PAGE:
Delta Airlines, which is struggling to stay afloat amid the decline in air travel during the coronavirus pandemic, is turning to its popular frequent flyer program to exploit financial options.
Essentially, the Atlanta-based airline plans to mortgage its SkyMiles loyalty program up to $ 6.5 billion. Loyalty programs are lucrative assets for airlines which earn billions a year by selling frequent flyer miles to credit card partners who offer the miles as a reward for their spending. American Express, for example, paid Delta $ 4.1 billion for miles in 2019, according to filings with the Securities and Exchanges Commission.
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The private funding deal comes as the Atlanta-based carrier continues to lose up to $ 27 million a day in cash amid an unprecedented drop in air travel due to COVID-19. The proceeds will be used to bolster the $ 15.7 billion in cash and short-term investments Delta had at the end of June.
In a press release, Delta said it is forming a new company, SkyMiles IP Ltd., which will be based in the Cayman Islands to facilitate the new funding. The Atlanta Journal-Constitution reported that as a result of this new action, Delta would abandon a new federal government CARES Act loan.
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The move will bring immediate and much-needed relief as the airline continues to spend $ 27 million in cash per day as travel demand remains low due to the coronavirus pandemic.
In an 8-K filing on Monday, Delta reported a 78% drop in miles redeemed in the first half of the year, resulting in a 60% drop in passenger revenue. However, frequent travelers continued to use their Delta SkyMiles credit cards, and cash from sales to American Express only declined 5% year-over-year to $ 1.9 billion. dollars.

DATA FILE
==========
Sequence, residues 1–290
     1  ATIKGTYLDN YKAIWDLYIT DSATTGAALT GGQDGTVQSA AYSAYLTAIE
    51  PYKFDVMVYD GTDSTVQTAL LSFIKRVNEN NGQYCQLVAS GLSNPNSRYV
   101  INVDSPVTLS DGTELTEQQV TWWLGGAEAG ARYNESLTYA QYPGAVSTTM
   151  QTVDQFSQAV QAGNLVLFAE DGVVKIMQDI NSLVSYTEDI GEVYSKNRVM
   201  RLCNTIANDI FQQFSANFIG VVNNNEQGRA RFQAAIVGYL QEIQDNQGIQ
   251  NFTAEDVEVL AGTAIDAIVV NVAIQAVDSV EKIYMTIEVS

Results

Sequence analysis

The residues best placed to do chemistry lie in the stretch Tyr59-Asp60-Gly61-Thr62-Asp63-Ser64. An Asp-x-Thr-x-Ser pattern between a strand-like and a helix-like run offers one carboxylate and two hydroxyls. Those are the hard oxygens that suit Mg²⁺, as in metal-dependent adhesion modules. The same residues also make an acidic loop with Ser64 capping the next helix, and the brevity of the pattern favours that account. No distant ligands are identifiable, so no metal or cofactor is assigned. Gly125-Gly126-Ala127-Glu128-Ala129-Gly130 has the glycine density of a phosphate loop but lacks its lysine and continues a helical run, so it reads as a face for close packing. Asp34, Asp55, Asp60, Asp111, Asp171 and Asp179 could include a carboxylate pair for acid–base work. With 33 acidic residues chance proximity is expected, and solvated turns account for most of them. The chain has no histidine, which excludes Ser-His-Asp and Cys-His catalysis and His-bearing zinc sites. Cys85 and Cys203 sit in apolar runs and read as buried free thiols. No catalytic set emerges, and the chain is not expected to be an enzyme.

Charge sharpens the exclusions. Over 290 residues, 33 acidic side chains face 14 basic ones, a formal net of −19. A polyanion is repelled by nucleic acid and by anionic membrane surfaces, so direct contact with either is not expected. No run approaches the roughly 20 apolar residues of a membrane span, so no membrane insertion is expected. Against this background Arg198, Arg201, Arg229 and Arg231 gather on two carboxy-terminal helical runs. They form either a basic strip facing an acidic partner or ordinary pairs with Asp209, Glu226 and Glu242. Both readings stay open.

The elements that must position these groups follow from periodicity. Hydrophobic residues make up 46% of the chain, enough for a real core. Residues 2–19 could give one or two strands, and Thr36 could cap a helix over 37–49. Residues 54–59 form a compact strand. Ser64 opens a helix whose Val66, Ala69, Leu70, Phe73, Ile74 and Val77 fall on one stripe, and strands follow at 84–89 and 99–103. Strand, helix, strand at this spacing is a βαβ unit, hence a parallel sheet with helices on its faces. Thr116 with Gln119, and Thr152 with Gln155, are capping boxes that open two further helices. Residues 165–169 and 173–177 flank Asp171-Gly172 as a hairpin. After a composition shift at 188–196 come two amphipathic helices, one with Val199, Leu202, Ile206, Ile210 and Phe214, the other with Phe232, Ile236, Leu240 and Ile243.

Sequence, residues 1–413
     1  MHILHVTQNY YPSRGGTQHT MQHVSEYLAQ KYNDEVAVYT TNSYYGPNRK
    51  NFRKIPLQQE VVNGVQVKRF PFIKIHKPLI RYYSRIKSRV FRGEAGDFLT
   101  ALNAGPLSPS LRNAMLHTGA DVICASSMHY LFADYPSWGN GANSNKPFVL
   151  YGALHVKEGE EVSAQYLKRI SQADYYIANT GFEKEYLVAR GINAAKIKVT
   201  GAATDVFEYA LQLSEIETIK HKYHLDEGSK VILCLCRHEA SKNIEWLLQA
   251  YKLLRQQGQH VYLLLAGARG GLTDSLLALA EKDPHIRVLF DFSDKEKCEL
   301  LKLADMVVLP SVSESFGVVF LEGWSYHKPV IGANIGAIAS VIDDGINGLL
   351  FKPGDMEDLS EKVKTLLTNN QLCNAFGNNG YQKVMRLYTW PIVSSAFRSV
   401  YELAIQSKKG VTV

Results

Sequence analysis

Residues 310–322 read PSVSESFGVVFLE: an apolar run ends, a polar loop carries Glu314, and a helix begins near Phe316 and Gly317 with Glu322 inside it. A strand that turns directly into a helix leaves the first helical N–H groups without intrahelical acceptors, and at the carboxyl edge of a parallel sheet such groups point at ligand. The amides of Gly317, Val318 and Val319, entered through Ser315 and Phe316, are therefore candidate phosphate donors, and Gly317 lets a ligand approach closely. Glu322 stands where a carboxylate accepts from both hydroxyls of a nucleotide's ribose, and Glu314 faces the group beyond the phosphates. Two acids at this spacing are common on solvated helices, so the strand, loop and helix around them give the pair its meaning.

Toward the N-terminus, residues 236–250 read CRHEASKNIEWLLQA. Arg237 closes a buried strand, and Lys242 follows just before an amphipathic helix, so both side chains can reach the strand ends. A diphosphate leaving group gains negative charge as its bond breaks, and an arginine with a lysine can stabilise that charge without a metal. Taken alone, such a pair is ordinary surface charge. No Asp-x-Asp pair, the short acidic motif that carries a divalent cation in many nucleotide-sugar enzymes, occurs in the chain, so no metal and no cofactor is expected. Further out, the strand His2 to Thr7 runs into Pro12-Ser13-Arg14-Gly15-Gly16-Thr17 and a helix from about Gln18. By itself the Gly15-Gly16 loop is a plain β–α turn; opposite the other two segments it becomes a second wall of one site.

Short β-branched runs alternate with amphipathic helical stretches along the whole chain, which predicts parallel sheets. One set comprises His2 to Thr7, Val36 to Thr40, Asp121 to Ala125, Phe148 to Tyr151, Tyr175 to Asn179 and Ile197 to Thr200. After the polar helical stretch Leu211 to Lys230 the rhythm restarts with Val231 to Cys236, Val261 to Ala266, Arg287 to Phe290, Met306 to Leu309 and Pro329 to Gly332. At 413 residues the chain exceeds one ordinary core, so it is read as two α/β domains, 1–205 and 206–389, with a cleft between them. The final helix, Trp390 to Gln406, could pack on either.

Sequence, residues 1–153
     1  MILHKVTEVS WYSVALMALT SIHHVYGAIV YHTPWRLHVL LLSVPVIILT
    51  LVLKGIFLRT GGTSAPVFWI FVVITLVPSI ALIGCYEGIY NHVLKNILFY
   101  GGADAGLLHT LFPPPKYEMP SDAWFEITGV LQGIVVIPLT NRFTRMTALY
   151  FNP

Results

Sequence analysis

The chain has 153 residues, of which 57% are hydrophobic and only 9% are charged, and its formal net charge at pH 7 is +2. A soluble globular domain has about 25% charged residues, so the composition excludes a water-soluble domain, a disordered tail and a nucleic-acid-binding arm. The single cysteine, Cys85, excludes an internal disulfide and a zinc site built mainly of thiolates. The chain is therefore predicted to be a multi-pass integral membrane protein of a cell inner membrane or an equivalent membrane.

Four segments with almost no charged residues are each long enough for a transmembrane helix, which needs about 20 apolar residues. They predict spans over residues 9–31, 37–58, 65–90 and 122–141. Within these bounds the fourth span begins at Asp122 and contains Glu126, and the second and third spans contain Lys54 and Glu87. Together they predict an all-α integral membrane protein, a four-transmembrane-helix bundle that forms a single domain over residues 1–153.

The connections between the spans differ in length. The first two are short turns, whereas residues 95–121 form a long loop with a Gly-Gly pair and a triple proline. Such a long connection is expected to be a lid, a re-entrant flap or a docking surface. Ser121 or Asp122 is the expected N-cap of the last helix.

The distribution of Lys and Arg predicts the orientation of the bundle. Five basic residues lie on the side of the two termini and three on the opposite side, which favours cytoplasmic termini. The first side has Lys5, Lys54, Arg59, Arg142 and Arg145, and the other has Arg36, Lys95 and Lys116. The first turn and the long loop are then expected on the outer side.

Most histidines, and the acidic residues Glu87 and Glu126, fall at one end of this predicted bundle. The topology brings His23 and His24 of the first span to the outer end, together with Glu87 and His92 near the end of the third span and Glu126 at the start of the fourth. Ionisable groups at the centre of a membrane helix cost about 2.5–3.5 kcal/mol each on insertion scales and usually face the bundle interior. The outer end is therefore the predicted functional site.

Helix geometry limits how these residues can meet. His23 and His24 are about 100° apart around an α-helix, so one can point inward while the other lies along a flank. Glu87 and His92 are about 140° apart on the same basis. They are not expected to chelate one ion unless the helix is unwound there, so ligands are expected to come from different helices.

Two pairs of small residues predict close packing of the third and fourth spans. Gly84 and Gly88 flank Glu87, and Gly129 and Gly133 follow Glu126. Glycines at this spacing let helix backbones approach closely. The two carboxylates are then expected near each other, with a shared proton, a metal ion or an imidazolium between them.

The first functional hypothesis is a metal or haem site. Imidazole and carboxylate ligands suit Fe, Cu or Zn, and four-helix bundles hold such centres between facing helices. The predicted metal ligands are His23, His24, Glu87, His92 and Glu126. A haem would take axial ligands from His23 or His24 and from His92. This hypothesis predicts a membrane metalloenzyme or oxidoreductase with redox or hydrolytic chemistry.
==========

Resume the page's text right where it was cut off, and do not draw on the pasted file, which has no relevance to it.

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According to an investor presentation, Delta will purchase miles from the new SkyMiles subsidiary for issuance to frequent flyers, and the subsidiary will purchase seats from Delta when frequent travelers use miles to reserve their seats. During this time, American Express and other SkyMiles partners will purchase miles from the affiliate to issue them to credit card holders.
Delta received $ 5.4 billion under the CARES Act Payroll Support Program, which was repaid in installments until July. The airline also signed a letter of intent giving the option of an additional loan of $ 4.6 billion under the federal aid program.
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Delta is not alone in operating its loyalty program. In June, United Airlines was the first to take out a mortgage on its MileagePlus program for debt of up to $ 5 billion.
While this move should give Delta a boost, it shouldn’t affect Sky Miles members or their redemption of miles for flights.
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